Software is always changing to better meet the needs of the end user. For business software, this has meant a trend toward familiar user interfaces, such as the ones encountered on popular social media platforms. For businesses, this means streamlined training and improved employee productivity. In this article, we examine the software development of business tech over the years and how user experience has vastly improved in recent history.
“UI” and “UX” are terms that describe the front end of software. In other words, these are what the user sees and can do. “UI” stands for “user interface” and encompasses everything a user can do with the software from a functional perspective. “UX” stands for “user experience,” which includes the feelings that the user takes away from the experience, which may include ease of use, confusion or frustration.
Software built for consumers has traditionally been much more attractive and easier to use than business software. The reason for this is that software developers design products to attract individual users and respond to market pressures. If a consumer-based app is clunky or unattractive, users will choose a competitor’s product, and the developers will need to update their product in order to compete in the market.
With business software, however, the people making the decision are typically not the users of the product, and their goals are very different from those of an end user. In some cases, the executives assume that a cumbersome software design can be conquered with employee training, and they are more focused on how it integrates with the company’s other systems and its overall cost.
These days, there is more emphasis on business software’s UI and UX, so the software is beginning to look and function more like consumer apps.
Business software used to be dowdy and unintuitive. That’s still the case in some industries, but in recent years, many SaaS or cloud-based software solutions have taken on a look and feel that is clearly focused on the user experience. Features that were once only seen in gaming and social media are seeping into business products, and competing products are increasingly similar in interface design.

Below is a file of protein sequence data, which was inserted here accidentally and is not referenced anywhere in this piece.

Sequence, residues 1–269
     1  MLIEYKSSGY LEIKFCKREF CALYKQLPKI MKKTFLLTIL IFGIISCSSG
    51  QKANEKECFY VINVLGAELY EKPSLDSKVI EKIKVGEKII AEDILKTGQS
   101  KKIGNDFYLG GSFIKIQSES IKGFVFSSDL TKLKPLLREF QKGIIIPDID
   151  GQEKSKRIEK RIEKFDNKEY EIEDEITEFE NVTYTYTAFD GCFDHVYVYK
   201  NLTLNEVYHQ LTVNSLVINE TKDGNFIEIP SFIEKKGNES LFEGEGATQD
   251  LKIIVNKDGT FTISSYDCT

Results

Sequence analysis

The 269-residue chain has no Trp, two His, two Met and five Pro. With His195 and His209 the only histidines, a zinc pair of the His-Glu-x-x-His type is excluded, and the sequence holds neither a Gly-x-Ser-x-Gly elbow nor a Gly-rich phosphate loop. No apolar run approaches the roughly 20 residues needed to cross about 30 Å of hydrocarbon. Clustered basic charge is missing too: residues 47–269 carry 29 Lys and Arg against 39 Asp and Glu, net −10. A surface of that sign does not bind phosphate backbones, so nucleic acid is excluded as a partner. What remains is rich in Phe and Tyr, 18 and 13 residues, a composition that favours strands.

While all-in-one business software ecosystems are still popular, the ability to integrate with third-party solutions and use SaaS products across different devices is becoming the norm.
As a side effect, UI/UX developers are tasked with creating products that are as easy to use as simple, lightweight apps, but as powerful as legacy enterprise software. Meanwhile, businesses are feeling pressure to replace older, traditional business systems with streamlined SaaS products.
Understanding how technology has been adopted thus far can give us insights on the tech trends we’re seeing today and help us predict what’s coming next. Here’s how the worlds of consumer software products and business software products collided, resulting in a landscape of increasingly homogeneous and user-friendly products that bridge the gap between B2B and B2C.
As computer technology adoption expanded, businesses had more software choices. Changing dynamics within companies gave employees more say, which gave a competitive edge to software with a better UX.
In 1995, the Pew Research Center found that just 14% of U.S. adults had internet access, and 42% of adults had never heard of the internet – while an additional 21% had heard of it and knew it had to do with computers, but weren’t sure what it was. By 2014, Pew’s research found that 81% of American adults were using computers.
Fast-forward to 2021, when the Pew Research Center found that only 13% of American adults with household incomes below $30,000 a year had no web-enabled device (a smartphone, tablet or computer) at home – and that situation was practically nonexistent at higher income levels.
Moreover, 85% of American adults are online daily, and nearly a third (31%) said they are “almost constantly online.” This heavy consumer app usage created tremendous market pressure to produce apps with the best UX.
Most early users were introduced to computers in work settings. Of course, home computers are common now, but even as of 2000, only 62% of Americans were using laptops or desktops. In other words, as ubiquitous as computers have become, the adoption process didn’t happen overnight, and the way computers and subsequent devices were adopted has had a massive impact on UI and UX design.
Initially, most people viewed computers as business devices, so they focused on the way those devices could make work tasks more efficient. Little thought was given to how attractive a piece of software was, because the alternative was doing everything by hand. Since there was very little comparison and technology was already being pushed to its limits (for the time), the general idea was that any software was better than no software at all.
Employee opinions on software were essentially irrelevant – not only because there were fewer products to choose from, but also because in the 1990s and even the early 2000s, work culture was one of hierarchies and formalities, not one where employees felt they could or should dictate how they worked. If work systems weren’t user-friendly, employees had to get over it and use them anyway.
Puneet Gangal, CEO and founder of Aciron Consulting (a business management and IT consulting firm based in Boston), has been in the technology and management field for more than 20 years and seen the shift firsthand.